1.22.2007

Express Checkup - A head-to-toe overhaul in 15 minutes or less


By: Steve Calechman

Living longer, looking sharper, and feeling better doesn't have to be drudgery. Just look at the guys at Jiffy Lube.

We are not proposing that our coverall-clad brothers are models of health and happiness. (Heck, motor oil is a potential carcinogen.) They are, however, players in an allegory of Platonic proportions. They swap old oil for fresh 5W -30, spin on a new filter, eyeball and top off seven different fluids, inspect the air filter and belts, check tire pressure, vacuum the interior, and clean the windows--in less time than it takes to notice that the waiting room's issue of Car and Driver is from September 1983. But underneath all the axle grease, this well-choreographed performance also teaches us a valuable life lesson. It shows us that, armed with the right tools, a man can completely protect and preserve any complex piece of machinery in, yes, a jiffy. Even machinery as complex as his own body.

What you're about to read is your own rolling tool chest. Top to bottom, it contains all the right-now know-how you need to avoid a disaster down the road, look buff (and just buffed), and otherwise cruise through life--in 15 minutes or less. What's in it for us? We keep the "Girls of MasterWrench" wall calendar.


Health Message Center
Live Longer
Total time: 4 minutes, 53 seconds

Save Your Eyesight in 1 minute, 10 seconds
Carrots have the rep, but go with mangoes. They're loaded with beta-carotene and vitamins C and E, three antioxidants that protect your eyes from vision-altering free-radical damage. "We know that these antioxidants help decrease vision loss in patients with age-related macular degeneration," says Peter Kaiser, M.D., a retinal surgeon at the Cleveland Clinic. Hate mangoes? Eat a kiwi. Research shows that high blood pressure may increase the risk of blindness in old age. Kiwis are packed with potassium, a natural BP buster.

Prevent Colon Cancer in 14 seconds
Swap the Honey Barbecue Fritos for a snack that may save your life: Brazil nuts. They're the top food source of selenium, a mineral that one study showed may reduce the risk of colon cancer by as much as 60 percent. "It looks extremely promising as a way to help prevent colon cancer," says Michael Wargovich, Ph.D., director of the basic-research program at the South Carolina Cancer Center. The best news:

A couple of Brazil nuts a day will help you hit the target amount of 200 micrograms of selenium.

Ulcer-Proof Your Stomach in 49 seconds
If a type of bacteria called H. pylori is the firebug that ignites most ulcers, then a serving of broccoli sprouts is your edible sprinkler system. In a study sponsored by the National Academy of Sciences, sulforaphane--a phytochemical in the sprouts--killed off any H. pylori that was exposed to it. And while the research was done in the lab, "all indications point to sulforaphane's having a similar effect on the H. pylori in our stomachs," says Paul Talalay, M.D., a professor of pharmacology at the Johns Hopkins University medical school. Try folding sprouts into your omelettes or using them in a sandwich. (And yes, regular broccoli contains some sulforaphane, too.)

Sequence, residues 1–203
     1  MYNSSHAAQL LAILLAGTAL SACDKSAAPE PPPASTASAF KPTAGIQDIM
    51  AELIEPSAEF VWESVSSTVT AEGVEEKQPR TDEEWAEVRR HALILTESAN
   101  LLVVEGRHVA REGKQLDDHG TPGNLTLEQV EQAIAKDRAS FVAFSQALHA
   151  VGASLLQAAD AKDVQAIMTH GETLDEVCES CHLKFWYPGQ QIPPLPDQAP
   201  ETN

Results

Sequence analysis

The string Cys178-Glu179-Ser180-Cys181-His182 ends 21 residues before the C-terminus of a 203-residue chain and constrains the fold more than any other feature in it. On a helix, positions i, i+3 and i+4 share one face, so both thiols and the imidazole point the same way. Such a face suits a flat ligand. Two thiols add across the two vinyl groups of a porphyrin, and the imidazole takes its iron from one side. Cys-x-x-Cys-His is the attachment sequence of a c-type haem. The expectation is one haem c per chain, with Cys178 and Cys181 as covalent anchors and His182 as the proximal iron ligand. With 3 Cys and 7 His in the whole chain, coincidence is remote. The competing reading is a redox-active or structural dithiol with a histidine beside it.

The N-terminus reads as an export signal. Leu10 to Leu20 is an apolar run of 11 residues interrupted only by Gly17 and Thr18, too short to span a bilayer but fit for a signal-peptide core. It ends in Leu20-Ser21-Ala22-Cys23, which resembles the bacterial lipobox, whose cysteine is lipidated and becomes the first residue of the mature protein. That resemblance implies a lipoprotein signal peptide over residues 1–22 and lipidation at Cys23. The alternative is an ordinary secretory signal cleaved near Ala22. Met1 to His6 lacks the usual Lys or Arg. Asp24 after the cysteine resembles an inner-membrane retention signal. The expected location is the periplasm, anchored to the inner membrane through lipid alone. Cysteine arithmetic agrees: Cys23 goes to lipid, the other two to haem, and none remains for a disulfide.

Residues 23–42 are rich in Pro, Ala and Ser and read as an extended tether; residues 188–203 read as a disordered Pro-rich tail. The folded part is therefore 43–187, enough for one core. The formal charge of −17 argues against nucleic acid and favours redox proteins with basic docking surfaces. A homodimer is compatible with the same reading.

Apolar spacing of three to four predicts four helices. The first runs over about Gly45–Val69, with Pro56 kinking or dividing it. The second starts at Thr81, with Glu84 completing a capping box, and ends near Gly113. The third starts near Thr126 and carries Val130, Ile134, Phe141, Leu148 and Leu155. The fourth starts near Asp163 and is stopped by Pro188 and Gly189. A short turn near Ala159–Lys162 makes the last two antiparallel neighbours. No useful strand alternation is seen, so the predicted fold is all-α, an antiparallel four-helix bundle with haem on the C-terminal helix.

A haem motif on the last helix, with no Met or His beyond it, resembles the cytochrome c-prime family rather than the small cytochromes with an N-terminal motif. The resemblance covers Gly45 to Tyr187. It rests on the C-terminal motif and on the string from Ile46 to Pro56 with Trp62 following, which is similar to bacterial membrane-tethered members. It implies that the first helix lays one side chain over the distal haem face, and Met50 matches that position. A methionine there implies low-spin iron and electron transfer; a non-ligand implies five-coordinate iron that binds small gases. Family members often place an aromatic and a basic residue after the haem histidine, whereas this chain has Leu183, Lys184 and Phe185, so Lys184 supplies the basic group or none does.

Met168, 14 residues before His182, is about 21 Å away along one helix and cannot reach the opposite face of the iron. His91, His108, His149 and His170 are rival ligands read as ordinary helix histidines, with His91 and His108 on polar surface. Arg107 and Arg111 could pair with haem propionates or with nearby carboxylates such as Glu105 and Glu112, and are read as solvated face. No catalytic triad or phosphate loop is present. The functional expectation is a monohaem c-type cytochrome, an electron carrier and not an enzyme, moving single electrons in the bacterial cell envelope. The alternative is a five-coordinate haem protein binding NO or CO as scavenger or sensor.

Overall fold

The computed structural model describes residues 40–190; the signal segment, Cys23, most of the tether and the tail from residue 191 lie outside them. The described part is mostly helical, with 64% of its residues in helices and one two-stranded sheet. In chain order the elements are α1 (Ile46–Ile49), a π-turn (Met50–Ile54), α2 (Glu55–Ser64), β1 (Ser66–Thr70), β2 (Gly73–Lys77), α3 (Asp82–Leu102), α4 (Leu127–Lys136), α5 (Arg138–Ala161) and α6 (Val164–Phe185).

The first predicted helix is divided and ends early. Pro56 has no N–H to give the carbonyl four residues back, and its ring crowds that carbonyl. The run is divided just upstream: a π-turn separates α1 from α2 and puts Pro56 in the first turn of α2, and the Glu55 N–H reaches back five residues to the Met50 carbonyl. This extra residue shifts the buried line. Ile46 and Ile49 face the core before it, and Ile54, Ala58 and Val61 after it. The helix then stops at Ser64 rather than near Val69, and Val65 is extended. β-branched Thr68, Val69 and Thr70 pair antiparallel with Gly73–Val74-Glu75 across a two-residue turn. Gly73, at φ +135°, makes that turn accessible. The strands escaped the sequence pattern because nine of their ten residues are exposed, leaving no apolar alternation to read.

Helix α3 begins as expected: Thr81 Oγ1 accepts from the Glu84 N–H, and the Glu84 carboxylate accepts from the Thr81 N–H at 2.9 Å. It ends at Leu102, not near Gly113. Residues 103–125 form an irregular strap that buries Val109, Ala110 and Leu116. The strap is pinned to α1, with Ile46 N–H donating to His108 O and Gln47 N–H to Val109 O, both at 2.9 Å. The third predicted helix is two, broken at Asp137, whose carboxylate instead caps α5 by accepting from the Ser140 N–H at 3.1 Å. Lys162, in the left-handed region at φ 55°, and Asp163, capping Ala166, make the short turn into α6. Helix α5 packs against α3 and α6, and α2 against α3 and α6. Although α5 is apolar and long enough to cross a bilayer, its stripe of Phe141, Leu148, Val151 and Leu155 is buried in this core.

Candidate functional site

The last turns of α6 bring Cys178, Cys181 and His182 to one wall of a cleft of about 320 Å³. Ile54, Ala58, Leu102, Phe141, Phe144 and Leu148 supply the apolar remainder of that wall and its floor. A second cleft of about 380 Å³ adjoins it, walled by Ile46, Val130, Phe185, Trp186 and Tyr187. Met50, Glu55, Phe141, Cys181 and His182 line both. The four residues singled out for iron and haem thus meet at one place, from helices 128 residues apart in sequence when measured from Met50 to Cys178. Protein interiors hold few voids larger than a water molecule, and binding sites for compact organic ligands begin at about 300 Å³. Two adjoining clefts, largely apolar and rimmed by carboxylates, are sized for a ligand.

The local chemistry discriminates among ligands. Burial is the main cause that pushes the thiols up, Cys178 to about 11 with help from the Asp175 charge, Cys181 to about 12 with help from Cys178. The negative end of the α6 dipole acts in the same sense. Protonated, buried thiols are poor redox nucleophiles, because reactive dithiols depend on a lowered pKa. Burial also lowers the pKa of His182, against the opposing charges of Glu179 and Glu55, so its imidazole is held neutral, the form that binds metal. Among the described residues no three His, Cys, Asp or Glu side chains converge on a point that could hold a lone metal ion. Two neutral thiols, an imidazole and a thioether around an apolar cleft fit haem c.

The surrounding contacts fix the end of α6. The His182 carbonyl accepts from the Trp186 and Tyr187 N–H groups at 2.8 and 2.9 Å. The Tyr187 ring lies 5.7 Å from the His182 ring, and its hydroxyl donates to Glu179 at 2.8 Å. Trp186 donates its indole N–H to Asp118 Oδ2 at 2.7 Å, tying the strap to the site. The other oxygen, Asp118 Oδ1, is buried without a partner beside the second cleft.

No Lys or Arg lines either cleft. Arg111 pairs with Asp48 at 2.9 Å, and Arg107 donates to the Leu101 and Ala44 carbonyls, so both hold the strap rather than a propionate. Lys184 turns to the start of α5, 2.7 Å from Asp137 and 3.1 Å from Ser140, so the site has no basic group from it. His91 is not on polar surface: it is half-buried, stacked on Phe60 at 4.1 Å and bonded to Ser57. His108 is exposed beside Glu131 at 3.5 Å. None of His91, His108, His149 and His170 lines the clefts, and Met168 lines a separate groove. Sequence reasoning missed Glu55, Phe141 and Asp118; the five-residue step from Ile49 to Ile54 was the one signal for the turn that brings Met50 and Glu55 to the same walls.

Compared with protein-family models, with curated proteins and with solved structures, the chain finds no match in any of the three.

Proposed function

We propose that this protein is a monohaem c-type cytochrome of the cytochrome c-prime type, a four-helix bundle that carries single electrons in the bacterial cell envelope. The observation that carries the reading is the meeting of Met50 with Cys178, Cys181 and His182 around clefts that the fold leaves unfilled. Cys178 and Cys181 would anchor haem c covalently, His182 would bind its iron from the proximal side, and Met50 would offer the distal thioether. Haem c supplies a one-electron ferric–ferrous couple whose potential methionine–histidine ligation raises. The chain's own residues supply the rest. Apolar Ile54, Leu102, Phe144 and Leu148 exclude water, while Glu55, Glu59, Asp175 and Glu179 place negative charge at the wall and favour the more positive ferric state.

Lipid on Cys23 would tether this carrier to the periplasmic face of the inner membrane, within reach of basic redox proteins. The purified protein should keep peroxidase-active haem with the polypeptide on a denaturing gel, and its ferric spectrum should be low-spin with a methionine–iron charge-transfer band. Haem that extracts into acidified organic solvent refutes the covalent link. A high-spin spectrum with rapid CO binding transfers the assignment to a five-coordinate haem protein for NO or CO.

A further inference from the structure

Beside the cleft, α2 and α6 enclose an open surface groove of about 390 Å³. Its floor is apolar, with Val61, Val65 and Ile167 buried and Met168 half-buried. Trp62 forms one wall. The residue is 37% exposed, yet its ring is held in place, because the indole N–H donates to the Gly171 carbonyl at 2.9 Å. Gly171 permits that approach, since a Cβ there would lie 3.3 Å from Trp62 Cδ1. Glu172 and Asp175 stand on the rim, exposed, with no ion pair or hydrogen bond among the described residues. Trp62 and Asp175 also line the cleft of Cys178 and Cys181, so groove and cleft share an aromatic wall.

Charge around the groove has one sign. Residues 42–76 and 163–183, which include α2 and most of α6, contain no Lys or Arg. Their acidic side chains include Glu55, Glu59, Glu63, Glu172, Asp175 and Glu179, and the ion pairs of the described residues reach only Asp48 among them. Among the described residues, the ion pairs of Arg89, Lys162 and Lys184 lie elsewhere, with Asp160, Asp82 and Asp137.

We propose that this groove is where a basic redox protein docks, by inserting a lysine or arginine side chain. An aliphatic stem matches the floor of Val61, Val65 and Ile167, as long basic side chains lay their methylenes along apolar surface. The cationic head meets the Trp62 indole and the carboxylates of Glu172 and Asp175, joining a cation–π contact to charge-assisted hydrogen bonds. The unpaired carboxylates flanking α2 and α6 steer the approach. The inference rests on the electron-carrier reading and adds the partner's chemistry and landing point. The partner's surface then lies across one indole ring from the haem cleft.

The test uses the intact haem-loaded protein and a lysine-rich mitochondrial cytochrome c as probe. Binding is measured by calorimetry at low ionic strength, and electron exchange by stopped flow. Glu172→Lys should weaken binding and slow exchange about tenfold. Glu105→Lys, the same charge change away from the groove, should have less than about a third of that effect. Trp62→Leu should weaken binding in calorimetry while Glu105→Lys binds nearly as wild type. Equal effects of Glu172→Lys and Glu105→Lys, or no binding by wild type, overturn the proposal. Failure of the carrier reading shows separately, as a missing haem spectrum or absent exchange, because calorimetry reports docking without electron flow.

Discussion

Avoid a Stroke in 24 seconds
Chug 16 ounces of orange juice (about two glasses). In a 10-year study of 2,400 men, Finnish researchers found that the men taking in 200 milligrams (mg) of vitamin C a day--the amount you get in 16 ounces of OJ--had a lower stroke risk than those taking in only 40 mg of C. Researchers attribute the reduction in risk to vitamin C's ability to minimize artery damage from free radicals, reduce blood pressure, and help control cholesterol, says Sudhir Kurl, M.D., the study's lead author.

Protect Your Prostate in 21 seconds
Blueberries are the fruit with the most antioxidant firepower, but plums may be the real nukes against prostate cancer. Preliminary research at Texas A&M University found that phytochemicals in red-fleshed plums inhibit prostate-tumor cell growth in the laboratory by 80 percent--20 percent more than blueberries do. "The research is still in the early stages, but there's definitely no downside to eating plums," says David Byrne, Ph.D., a professor of horticulture and the lead researcher.

Stop a Heart Attack in 1 minute, 10 seconds
When the gum-snapping diner waitress asks, "Honey, you want coffee or tea?" tell her, "Tea" (and, "Don't call me honey, toots"). Harvard medical-school researchers found that drinking one or more cups of black tea daily was associated with a 45 percent decrease in heart attacks. The flavonoids in the tea may reduce the buildup of fatty deposits in the arteries, says Howard Sesso, Sc.D., the lead researcher. And it doesn't have to be pinkie-waving Earl Grey (though your butler may insist); plain Lipton or Tetley will do the artery -clearing trick just as well.

Prevent Diabetes in 45 seconds
Whip up a peanut-butter-and-jelly sandwich. In a study published in the Journal of the American Medical Association, researchers found that those people who ate peanut butter just once a week had a 16 percent lower risk of developing type 2 diabetes than those who didn't eat any (five or more servings a week resulted in a 27 percent lower risk). One explanation may be the fats in peanut butter. "Previous studies have shown that a high intake of mono- and polyunsaturated fats improves insulin sensitivity," says Rui Jiang, Ph.D., lead author of the study. And although the research was done on women, there's no reason to think that men won't reap the same benefits, adds Jiang.

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